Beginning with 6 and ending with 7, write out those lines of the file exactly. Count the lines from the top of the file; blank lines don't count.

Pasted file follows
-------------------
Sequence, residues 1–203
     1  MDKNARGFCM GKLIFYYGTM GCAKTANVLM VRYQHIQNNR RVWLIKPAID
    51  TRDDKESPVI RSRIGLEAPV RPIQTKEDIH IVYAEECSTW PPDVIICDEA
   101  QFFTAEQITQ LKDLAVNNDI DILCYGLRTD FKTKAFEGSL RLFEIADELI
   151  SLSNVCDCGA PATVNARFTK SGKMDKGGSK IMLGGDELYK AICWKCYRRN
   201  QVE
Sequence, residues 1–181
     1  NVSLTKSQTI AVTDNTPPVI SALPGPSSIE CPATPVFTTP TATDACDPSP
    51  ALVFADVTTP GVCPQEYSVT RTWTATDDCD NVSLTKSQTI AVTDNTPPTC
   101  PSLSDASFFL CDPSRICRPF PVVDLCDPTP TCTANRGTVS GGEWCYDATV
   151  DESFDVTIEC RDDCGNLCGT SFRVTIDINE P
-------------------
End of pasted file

   201  QVE
Sequence, residues 1–181